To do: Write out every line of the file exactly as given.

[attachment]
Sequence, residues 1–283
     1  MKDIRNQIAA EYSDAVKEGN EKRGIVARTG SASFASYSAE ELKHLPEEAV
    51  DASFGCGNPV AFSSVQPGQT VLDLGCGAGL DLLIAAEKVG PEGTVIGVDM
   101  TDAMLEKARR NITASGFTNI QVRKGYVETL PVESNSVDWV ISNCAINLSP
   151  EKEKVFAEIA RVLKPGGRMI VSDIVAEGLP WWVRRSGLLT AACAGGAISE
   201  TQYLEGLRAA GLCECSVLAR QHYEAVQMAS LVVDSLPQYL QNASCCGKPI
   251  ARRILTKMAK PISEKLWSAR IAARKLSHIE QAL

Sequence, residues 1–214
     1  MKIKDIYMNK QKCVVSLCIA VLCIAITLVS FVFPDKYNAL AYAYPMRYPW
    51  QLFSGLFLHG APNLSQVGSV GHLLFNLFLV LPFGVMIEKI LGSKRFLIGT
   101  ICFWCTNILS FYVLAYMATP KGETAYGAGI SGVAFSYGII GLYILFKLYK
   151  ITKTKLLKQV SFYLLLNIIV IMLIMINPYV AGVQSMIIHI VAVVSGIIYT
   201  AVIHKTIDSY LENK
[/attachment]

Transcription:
Sequence, residues 1–283
     1  MKDIRNQIAA EYSDAVKEGN EKRGIVARTG SASFASYSAE ELKHLPEEAV
    51  DASFGCGNPV AFSSVQPGQT VLDLGCGAGL DLLIAAEKVG PEGTVIGVDM
   101  TDAMLEKARR NITASGFTNI QVRKGYVETL PVESNSVDWV ISNCAINLSP
   151  EKEKVFAEIA RVLKPGGRMI VSDIVAEGLP WWVRRSGLLT AACAGGAISE
   201  TQYLEGLRAA GLCECSVLAR QHYEAVQMAS LVVDSLPQYL QNASCCGKPI
   251  ARRILTKMAK PISEKLWSAR IAARKLSHIE QAL

Sequence, residues 1–214
     1  MKIKDIYMNK QKCVVSLCIA VLCIAITLVS FVFPDKYNAL AYAYPMRYPW
    51  QLFSGLFLHG APNLSQVGSV GHLLFNLFLV LPFGVMIEKI LGSKRFLIGT
   101  ICFWCTNILS FYVLAYMATP KGETAYGAGI SGVAFSYGII GLYILFKLYK
   151  ITKTKLLKQV SFYLLLNIIV IMLIMINPYV AGVQSMIIHI VAVVSGIIYT
   201  AVIHKTIDSY LENK